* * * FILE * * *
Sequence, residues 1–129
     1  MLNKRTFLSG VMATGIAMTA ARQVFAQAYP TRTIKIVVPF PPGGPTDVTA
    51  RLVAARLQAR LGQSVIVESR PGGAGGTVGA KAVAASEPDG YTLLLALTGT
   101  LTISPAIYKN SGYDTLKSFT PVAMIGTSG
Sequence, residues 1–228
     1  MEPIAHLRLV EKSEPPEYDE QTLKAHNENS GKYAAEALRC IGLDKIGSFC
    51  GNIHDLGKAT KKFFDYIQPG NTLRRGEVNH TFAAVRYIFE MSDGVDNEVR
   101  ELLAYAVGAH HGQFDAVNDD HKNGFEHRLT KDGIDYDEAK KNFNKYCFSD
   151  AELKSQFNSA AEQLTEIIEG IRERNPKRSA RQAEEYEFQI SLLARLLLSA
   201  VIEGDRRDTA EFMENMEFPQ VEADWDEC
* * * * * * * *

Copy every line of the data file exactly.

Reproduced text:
Sequence, residues 1–129
     1  MLNKRTFLSG VMATGIAMTA ARQVFAQAYP TRTIKIVVPF PPGGPTDVTA
    51  RLVAARLQAR LGQSVIVESR PGGAGGTVGA KAVAASEPDG YTLLLALTGT
   101  LTISPAIYKN SGYDTLKSFT PVAMIGTSG
Sequence, residues 1–228
     1  MEPIAHLRLV EKSEPPEYDE QTLKAHNENS GKYAAEALRC IGLDKIGSFC
    51  GNIHDLGKAT KKFFDYIQPG NTLRRGEVNH TFAAVRYIFE MSDGVDNEVR
   101  ELLAYAVGAH HGQFDAVNDD HKNGFEHRLT KDGIDYDEAK KNFNKYCFSD
   151  AELKSQFNSA AEQLTEIIEG IRERNPKRSA RQAEEYEFQI SLLARLLLSA
   201  VIEGDRRDTA EFMENMEFPQ VEADWDEC